Quote Originally Posted by jallman View Post
    Irrelevant.
    I didn't claim otherwise.

    Quote Originally Posted by jallman View Post
    It isn't. And that isn't even the relevant issue within this thread. The fact is, social norms for our culture indicate a distinct difference between livestock for food consumption and family pets. This kid had such a detachment from social norms that he exhibited depraved deviation which warrants examination. Any pursuit of the moral relativism of a cat's life value (or whatever nonsense you are attempting to inject into this discussion) is for another thread entirely.
    You again continue to dodge the very simple question that I've asked. Don't be shy; it only requires a "Yes" or "No" answer. The reason for this is that you are personally aware that violent cat mutilation would be immoral even if it was a widely accepted societal practice.

    Quote Originally Posted by jallman View Post
    No, it falls under the exception rule to argumentum ad populum. You are attempting some asinine reversal of that fallacy and you are only going to manage to confuse yourself because neither I, nor any other rational person, are going to buy into it.
    Considering your blatant rejection of empirical research in favor of crude preconceived ideological dogma, you're far from being a rational person.

    But aside from that, you remain wrong because actions are not morally justifiable on the grounds that they're generally prevalent societal behaviors. Would you be willing to extend your sphere of protection to slavery in areas where it was a heavily adopted societal fixture? Your claims quickly crumble into dust when their inconsistency is revealed, which is why you've been unwilling to examine the nature of their inconsistency.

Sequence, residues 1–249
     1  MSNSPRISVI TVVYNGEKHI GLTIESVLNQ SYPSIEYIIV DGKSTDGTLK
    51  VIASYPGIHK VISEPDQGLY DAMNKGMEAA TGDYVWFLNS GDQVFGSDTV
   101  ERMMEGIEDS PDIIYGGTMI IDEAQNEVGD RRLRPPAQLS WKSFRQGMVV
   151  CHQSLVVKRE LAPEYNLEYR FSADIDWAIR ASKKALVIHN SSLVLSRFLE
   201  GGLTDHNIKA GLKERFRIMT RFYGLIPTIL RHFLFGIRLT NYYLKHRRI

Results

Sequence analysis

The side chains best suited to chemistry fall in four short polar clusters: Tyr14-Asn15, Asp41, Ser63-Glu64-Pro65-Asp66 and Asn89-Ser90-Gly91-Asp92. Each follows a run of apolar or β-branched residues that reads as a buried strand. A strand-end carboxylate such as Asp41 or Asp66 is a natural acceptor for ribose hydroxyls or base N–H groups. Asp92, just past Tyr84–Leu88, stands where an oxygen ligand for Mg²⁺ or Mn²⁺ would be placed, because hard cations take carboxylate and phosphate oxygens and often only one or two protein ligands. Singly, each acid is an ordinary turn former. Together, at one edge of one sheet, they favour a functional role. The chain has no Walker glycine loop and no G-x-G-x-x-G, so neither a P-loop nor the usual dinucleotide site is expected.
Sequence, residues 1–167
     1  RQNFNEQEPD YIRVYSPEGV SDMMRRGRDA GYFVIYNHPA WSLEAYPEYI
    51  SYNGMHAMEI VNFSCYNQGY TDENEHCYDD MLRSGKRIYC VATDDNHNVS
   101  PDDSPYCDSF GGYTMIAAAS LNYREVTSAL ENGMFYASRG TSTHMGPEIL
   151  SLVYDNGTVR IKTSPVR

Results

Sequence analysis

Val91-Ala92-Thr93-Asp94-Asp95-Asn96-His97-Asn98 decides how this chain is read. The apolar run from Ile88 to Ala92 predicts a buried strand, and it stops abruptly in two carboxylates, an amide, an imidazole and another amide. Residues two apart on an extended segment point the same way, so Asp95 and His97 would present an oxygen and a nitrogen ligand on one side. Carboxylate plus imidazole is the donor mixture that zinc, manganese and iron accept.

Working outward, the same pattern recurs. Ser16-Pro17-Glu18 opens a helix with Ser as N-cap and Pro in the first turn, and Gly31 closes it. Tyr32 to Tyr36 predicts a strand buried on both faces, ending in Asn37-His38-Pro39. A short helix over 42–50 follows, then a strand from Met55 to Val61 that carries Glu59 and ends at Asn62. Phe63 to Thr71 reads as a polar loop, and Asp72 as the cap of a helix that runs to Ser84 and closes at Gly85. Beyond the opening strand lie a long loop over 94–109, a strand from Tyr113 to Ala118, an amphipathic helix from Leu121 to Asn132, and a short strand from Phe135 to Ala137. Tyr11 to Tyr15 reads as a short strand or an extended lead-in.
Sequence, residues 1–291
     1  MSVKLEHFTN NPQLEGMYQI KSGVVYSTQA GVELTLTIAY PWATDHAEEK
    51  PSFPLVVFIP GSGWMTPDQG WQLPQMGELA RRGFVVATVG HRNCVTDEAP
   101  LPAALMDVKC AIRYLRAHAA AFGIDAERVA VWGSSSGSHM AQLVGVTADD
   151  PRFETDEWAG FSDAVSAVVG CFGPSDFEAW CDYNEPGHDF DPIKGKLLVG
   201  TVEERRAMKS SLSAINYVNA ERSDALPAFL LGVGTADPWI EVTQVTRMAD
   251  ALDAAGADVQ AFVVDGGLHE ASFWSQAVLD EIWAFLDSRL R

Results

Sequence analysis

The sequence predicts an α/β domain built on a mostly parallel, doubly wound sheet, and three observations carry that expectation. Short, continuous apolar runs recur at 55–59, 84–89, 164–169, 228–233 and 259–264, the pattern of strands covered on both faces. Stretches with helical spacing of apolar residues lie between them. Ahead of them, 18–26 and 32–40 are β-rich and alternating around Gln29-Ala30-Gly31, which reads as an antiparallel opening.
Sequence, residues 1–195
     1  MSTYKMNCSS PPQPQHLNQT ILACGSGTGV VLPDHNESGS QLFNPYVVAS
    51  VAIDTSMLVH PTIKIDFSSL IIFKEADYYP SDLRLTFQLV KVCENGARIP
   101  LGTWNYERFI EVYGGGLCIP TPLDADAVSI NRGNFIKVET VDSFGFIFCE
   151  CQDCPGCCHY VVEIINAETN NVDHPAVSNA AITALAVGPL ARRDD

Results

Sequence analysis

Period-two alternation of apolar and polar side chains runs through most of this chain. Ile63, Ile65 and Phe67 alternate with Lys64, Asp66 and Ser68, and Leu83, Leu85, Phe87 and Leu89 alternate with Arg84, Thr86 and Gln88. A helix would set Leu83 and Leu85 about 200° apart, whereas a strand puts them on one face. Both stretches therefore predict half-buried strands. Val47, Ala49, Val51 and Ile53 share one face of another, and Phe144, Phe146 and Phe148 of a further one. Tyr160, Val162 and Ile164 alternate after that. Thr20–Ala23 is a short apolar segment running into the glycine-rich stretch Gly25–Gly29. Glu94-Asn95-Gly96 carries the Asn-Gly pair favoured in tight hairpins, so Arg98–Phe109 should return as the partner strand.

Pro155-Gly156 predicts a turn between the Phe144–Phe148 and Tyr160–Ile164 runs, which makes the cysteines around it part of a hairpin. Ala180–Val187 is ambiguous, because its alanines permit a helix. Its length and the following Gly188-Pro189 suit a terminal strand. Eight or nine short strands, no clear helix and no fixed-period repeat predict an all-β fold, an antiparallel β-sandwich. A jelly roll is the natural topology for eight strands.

Quote Originally Posted by jallman View Post
    Social norms dictate that a pet is treated differently than a side of beef. Again, because social norms innately rely on popularity or numbers, the argumentum ad populum fallacy is excepted. But we aren't discussing whether a cat is worth more than a cow. We are discussing the deviant behavior of a disturbed young boy.
    You again return to the same fallacious claim despite its identification as such. Until you stop dodging and derailing and respond to the aforementioned query in a straightforward and frank manner, both this and your awareness of the fallacious nature of such shall be wholly apparent.

    Quote Originally Posted by jallman View Post
    I am not rebutting your irrelevant derailment of the conversation.
    You are not rebutting my response to the comment you made about emotional states because you're again aware of the inaccuracy of your claim, presumably.